Some States Stay Silent On Lawsuit Over Obama's Immigration Actions

Some States Stay Silent On Lawsuit Over Obama's Immigration Actions
DES MOINES, IA - JANUARY 24: New Jersey Governor Chris Christie speaks to guests at the Iowa Freedom Summit on January 24, 2015 in Des Moines, Iowa. The summit is hosting a group of potential 2016 Republican presidential candidates to discuss core conservative principles ahead of the January 2016 Iowa Caucuses. (Photo by Scott Olson/Getty Images)
DES MOINES, IA - JANUARY 24: New Jersey Governor Chris Christie speaks to guests at the Iowa Freedom Summit on January 24, 2015 in Des Moines, Iowa. The summit is hosting a group of potential 2016 Republican presidential candidates to discuss core conservative principles ahead of the January 2016 Iowa Caucuses. (Photo by Scott Olson/Getty Images)

WASHINGTON -- After President Barack Obama announced wide-reaching executive actions on immigration last November, officials from 26 states joined a lawsuit to block them. Another 12, plus the District of Columbia, signed on to a brief in support of the president.

Another dozen haven't gotten involved at all, and some observers are asking why. Those 12 states are Alaska, Colorado, Delaware, Kentucky, Minnesota, Missouri, New Hampshire, New Jersey, Pennsylvania, Rhode Island, Virginia and Wyoming.

HuffPost reached out to the offices of those states' governors and attorneys general to see where they stand on Obama's immigration actions and the lawsuit aimed at stopping them.

Many didn't seem to want to talk about their decision to remain on the sidelines -- or at least did not respond to multiple calls and emails from HuffPost. A few said they were supportive of Obama's actions, but said they didn't join the amicus brief because of timing or a practice not to weigh in on lawsuits at an early stage. One, Wyoming, did not join the suit even though the governor believes Obama overstepped his authority. The other states that responded did not give a firm answer either way.

Obama's decision in November to take executive action on immigration, including policies that could allow up to 5 million undocumented immigrants to stay in the U.S. and work legally, were politically polarizing. Republicans opposed the move, saying the president had overstepped his authority.

Then-Texas Attorney General Greg Abbott (R), now the state's governor, led an effort in early December to sue Obama over those policies, contending they are unconstitutional and would hurt the states. The office of current Texas Attorney General Ken Paxton (R) did not respond to requests for comment on the lawsuit or how they set about asking other states to join.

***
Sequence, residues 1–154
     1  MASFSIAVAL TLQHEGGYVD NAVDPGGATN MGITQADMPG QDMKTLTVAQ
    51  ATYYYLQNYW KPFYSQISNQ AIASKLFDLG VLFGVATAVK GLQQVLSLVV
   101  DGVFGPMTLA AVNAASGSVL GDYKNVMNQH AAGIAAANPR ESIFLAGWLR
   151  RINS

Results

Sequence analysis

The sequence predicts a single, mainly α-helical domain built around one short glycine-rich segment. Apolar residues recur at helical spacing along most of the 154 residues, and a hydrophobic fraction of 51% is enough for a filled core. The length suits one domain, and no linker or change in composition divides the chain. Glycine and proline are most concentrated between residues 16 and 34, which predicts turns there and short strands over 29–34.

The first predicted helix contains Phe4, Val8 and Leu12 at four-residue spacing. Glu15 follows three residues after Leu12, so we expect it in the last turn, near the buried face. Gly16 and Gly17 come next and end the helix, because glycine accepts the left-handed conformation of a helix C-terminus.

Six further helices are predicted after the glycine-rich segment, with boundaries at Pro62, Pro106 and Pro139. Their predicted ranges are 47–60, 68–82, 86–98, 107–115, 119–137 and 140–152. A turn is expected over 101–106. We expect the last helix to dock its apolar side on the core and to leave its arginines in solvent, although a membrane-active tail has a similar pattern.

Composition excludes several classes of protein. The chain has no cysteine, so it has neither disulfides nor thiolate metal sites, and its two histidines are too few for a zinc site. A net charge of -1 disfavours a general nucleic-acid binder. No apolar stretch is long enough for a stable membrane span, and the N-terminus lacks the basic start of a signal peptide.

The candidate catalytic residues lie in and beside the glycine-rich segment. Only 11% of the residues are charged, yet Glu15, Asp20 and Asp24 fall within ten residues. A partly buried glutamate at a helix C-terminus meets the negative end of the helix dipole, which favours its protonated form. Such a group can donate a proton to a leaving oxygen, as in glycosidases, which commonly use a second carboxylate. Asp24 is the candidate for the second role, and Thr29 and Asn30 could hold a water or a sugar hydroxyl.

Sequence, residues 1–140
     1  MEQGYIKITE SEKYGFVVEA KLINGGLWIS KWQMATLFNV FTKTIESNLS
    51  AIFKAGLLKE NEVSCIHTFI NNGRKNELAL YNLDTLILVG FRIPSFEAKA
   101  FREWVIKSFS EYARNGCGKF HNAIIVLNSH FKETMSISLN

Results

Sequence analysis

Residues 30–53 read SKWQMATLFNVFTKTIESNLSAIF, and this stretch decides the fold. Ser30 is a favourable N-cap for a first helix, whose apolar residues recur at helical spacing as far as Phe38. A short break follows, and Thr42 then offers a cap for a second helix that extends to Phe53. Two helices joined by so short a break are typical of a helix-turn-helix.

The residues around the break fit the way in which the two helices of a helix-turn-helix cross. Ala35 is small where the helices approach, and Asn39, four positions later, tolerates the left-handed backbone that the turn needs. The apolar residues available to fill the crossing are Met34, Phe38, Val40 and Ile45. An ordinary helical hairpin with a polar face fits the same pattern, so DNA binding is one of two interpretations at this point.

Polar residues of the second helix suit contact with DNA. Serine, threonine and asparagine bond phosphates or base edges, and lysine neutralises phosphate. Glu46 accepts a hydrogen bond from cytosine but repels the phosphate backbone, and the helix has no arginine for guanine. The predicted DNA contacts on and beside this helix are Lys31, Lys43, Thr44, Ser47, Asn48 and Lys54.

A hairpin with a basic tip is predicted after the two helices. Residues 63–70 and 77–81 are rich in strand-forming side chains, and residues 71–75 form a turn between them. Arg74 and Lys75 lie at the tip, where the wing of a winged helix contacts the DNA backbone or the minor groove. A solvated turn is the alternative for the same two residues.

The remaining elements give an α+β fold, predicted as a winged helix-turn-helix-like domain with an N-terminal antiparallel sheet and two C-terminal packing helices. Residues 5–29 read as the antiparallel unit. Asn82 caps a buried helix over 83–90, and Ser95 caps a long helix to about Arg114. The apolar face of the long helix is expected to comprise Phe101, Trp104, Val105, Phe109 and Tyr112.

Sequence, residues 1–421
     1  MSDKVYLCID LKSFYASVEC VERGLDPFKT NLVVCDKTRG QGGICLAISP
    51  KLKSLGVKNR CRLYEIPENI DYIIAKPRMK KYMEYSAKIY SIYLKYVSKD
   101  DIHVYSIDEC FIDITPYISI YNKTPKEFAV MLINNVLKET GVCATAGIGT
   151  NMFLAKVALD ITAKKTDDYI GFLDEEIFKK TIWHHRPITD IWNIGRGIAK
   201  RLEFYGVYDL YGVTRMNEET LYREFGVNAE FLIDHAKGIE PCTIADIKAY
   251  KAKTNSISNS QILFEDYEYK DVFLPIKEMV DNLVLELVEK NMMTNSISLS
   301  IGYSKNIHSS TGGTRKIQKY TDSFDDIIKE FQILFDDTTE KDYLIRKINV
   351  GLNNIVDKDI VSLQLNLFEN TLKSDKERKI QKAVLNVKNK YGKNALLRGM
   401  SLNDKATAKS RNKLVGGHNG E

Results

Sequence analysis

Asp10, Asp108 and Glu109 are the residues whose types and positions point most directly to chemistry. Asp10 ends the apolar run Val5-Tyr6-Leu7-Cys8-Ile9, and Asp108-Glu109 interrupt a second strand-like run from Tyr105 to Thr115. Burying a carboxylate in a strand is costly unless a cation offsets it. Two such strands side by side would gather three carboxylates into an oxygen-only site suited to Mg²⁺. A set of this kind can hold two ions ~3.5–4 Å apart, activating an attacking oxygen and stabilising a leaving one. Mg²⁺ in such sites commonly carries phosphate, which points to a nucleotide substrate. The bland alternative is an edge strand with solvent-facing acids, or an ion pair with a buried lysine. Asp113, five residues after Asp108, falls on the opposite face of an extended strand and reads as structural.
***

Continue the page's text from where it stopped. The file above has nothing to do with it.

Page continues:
The suit was initially filed in early December with 17 states total, but the number has risen to 26: Alabama, Arizona, Arkansas, Florida, Georgia, Idaho, Indiana, Kansas, Louisiana, Maine, Michigan, Mississippi, Montana, Nebraska, Nevada, North Carolina, North Dakota, Ohio, Oklahoma, South Carolina, South Dakota, Tennessee, Texas, Utah, West Virginia and Wisconsin. The suit now awaits a ruling in U.S. District Court in Brownsville, Texas.

Washington State Attorney General Bob Ferguson (D) spearheaded the amicus brief, filed on Jan. 12, in support of the executive actions. Washington state was joined by attorneys general from California, Connecticut, Hawaii, Illinois, Iowa, Maryland, Massachusetts, New Mexico, New York, Oregon and Vermont, and the District of Columbia.

"I feel strongly that the court in Texas should have the perspective of states that feel the president's executive action will be a benefit, not a hinderance to their states," Ferguson told HuffPost on Monday.

Graphic by Alissa Scheller

The decision to join a lawsuit is typically up to a state's attorney general, although in this case Republican governors from Mississippi, Maine, North Carolina and Idaho are listed individually on the initial filing. For that reason, HuffPost sought comment from both the governor and attorney general in each of the 12 states that neither joined the lawsuit nor the amicus brief.

Only one such state expressed full support for the original lawsuit. Wyoming Gov. Matt Mead, a Republican, told HuffPost in a statement that, although the state hasn't joined the lawsuit, he "supports it and the claims it presses completely."